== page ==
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PUBLIC POWER DAILY: SCPPA to Rollout 53-MW Storage Project

January 27, 2010

By Jeanne LaBella

Southern California Public Power Authority and its 12 member utilities will move forward this year on deployment of a utility-scale ice storage air conditioning project. The 53-MW project will permanently shift as much as 64 gigawatt-hours of on-peak electricity consumption to off-peak periods every year, the agency said.

SCPPA is teaming up with Ice Energy, the Colorado-based manufacturer of the Ice Bear energy storage module, for what the manufacturer says will be the first such utility-scale project. SCPPA will install more than 6,000 Ice Bear units at 1,500 government and commercial buildings in its member communities. Most of the units will be installed at existing buildings, said Chris Hickman, a spokesman for Ice Energy.
The technology is "a convenient and cost-effective solution for managing peak demand and aligns perfectly with our smart grid initiatives," said Bill Carnahan, executive director of SCPPA.
The project will cost $115 million and is not supported by state or federal grants.
"The project is deployable because it is cost-effective without incentives," said Hickman. Installation of the units will begin midyear in five SCPPA member communities. Full installation is expected to take two years.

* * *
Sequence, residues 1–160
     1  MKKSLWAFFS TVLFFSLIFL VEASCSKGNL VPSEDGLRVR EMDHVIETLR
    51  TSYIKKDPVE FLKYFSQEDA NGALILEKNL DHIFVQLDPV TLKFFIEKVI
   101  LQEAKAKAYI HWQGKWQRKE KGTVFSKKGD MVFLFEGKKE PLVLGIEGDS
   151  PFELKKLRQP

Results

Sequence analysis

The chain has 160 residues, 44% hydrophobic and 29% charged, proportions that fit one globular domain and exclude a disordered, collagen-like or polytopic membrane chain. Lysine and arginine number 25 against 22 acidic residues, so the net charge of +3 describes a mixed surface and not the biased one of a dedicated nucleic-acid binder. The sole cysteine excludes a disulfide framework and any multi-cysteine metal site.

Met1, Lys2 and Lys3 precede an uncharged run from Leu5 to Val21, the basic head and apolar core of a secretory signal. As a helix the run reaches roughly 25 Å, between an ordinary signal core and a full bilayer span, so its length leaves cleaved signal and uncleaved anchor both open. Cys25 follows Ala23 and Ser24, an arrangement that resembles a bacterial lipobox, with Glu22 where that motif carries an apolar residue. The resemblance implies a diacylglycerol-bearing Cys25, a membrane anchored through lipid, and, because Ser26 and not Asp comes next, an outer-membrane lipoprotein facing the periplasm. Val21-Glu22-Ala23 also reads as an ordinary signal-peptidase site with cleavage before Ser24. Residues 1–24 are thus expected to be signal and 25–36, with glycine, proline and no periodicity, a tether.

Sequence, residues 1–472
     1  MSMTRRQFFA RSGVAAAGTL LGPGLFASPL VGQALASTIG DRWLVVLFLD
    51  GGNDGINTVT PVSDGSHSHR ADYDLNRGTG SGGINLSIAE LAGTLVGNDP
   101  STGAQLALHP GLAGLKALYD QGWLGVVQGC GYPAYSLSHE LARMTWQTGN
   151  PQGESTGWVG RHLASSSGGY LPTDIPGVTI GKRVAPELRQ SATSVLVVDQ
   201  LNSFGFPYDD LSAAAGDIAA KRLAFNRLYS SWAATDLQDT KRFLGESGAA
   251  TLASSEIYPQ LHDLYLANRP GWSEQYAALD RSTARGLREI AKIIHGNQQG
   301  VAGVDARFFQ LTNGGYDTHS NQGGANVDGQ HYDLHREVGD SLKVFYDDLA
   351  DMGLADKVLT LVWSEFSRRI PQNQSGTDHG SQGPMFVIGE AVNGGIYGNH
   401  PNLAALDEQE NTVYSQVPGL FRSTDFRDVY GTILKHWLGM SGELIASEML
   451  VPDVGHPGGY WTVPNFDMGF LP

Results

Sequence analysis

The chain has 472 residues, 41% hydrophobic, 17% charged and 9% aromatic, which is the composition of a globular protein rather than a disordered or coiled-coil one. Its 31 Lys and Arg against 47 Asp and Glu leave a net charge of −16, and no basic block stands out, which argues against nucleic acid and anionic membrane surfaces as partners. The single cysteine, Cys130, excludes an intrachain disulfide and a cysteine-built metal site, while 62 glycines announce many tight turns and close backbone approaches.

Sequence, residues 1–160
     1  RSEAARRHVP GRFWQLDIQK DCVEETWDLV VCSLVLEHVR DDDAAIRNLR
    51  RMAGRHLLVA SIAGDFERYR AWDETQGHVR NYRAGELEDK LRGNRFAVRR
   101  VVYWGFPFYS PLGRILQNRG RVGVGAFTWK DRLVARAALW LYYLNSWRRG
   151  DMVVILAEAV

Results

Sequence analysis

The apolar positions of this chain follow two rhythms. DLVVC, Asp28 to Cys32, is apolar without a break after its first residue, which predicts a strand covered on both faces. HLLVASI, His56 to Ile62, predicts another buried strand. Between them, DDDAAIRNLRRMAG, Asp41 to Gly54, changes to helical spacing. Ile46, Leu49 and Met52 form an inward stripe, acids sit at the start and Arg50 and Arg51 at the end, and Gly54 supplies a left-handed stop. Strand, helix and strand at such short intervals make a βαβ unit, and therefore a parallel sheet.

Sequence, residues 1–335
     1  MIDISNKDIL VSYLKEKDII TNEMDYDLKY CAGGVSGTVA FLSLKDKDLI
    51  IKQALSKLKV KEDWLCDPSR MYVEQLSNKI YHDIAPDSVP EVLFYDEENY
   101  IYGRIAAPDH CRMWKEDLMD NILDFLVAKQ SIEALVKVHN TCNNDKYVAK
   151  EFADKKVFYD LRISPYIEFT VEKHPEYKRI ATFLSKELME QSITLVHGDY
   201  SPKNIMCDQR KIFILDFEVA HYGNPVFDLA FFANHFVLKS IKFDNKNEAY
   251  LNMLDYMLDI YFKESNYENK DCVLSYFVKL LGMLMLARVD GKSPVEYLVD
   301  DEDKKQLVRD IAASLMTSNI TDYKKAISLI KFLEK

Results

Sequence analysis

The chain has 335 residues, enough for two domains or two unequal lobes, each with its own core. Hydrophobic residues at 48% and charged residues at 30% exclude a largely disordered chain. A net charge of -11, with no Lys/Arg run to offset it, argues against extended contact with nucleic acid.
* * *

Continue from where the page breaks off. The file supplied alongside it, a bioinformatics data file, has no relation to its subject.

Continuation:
Ice Energy will operate and maintain the units for SCPPA under a long-term agreement that will extend for 10 years, with provision for two five-year renewals.
The Ice Bear technology was tested in Anaheim, Calif., beginning in 2004. The pilot project had a $10,000 grant from APPA's DEED (Demonstration of Energy Efficient Developments) program. Today, 15 public power utilities have units installed, Hickman said. The demonstration project in Anaheim showed that the technology could reduce peak energy consumption by 95 percent, from approximately 7,000 to 300 watts.
The ice storage units are typically about the same size as a conventional commercial air conditioning unit, measuring 8 by 4 by 4 feet. Each unit is paired with an air conditioning unit. The Ice Bear works at night, when electricity demand and prices are low, to produce and store ice for later use. During daytime peak hours, the unit releases the ice to provide cooling for the building, so the standard air conditioner is not consuming on-peak electricity.
The units are dispatchable down to the feeder level, so utilities can hold the ice in storage until air conditioning demand is highest each day. The aggregate electricity consumption of the air conditioner and the ice storage unit is no greater than the amount of electricity normally consumed on peak by an air conditioner, Hickman said.
As the ice storage units are installed, some existing air conditioners may be replaced with newer, cleaner, more efficient models, said Hickman. This will help reduce greenhouse gases because many existing units use R22, a coolant that the U.S. Environmental Protection Agency is phasing out because it harms the ozone layer. New air conditioning units use R410A refrigerant, which is not a greenhouse gas.
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